"If dogs are not there, it is not heaven." - Elizabeth Marshall Thomas As someone who has been interested in, and written about, nonhuman animals (animals) for decades, I was keenly interested in Pope Francis's recent comments about animals and the afterlife. They were interpreted in many different ways, but he did indeed leave the pearly gates open, as discussed in an essay in the New York Times (11 December 2014) by Rick Gladstone titled "Dogs in Heaven? Pope Francis Leaves Pearly Gates Open." Mr. Gladstone wrote, "During a weekly general audience at the Vatican last month, the pope, speaking of the afterlife, appeared to suggest that animals could go to heaven, asserting, 'Holy Scripture teaches us that the fulfillment of this wonderful design also affects everything around us.'"
My own research on animal cognition - animal smarts - and animal emotions is grounded in Charles Darwin's ideas about evolutionary continuity, a tenet that is well accepted among evolutionary biologists. Basically, evolutionary continuity means that differences among various species in anatomy, physiology, behavior, and emotions and sentience, are differences in degree rather than kind. What this boils down to is that differences among species are shades of gray, rather than black and white. The bumper sticker for evolutionary continuity is, "If we have something, other animals can have it as well." So, for example, if we have rich and deep emotional lives, so too do other animals. Much research has shown this to be true, including the fact that animals such as rats, mice, and chickens display empathy, many animals love to play with family members and friends, and some suffer from severe depression and PTSD when they are traumatized. I write about much of this research in Rewilding Our Hearts and other books and essays. And, we must remember that human beings are animals -- big-brained mammals -- and that what applies to us also applies to "them," other animals.
Dogs maybe, but what about mosquitoes?
While it remains unclear as to how the Pope meant his comments to be interpreted and implemented – according to Mr. Gladstone, some theologians claimed he was speaking casually, rather than making a doctrinal statement – the words he spoke surely have opened up a much welcomed and needed debate. While we humans are truly exceptional mammalian beings, other animals as well are exceptional in their own ways. And, of course, it's not clear just how many other animals are included in the Pope's statement. As Dr. Laura Hobgood-Oster, a professor of religion and environmental studies at Southwestern University in Georgetown, Texas, aptly asked, "Where do mosquitoes go, for God's sake?"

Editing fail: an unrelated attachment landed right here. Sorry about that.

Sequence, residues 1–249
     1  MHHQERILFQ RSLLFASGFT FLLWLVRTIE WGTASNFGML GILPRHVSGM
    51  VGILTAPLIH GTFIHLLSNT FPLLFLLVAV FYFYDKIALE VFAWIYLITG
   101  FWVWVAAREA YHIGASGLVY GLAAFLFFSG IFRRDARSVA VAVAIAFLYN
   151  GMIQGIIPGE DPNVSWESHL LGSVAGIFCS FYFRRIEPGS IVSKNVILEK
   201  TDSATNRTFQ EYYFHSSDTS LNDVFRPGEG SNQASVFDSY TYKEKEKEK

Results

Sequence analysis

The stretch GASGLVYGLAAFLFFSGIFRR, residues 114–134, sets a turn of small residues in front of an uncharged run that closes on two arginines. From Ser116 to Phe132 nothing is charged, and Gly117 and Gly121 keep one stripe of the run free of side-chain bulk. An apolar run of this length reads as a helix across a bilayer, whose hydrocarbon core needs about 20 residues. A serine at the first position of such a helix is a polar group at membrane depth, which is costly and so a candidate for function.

How exciting it is to ponder this question and many others. Of course I welcome Pope Francis's comments and look forward to how they are used to welcome other animals even more into our human-dominated world, and how his sentiments will be translated into how other animals are treated. His comments can, and I hope they will, foster considerably more rewilding of our hearts (and less alienation from other nature) and result in much better treatment of our animal kin and their homes.
There's a lot of room for improvement and nothing is to be lost by expanding our circle of compassion to other animals. We suffer the indignities to which we subject other animals and also feel better when they are treated well and live at peace and in safety.
So, do dogs and other animals go to heaven? We really don't know, but I have to admit I hope all of the dogs with whom I shared my home are somewhere with all of their friends, nonhuman and human. It brings on a warm and good feeling when I imagine that they are happy and frolicking here and there as they did when they lived with me. I wish the same for all other animals, including those unfortunate souls who have suffered and died at the hands of humans, wild beings, and those who have had the benefit and luxury of living with caring humans and who had many nonhuman and human friends bless their lives.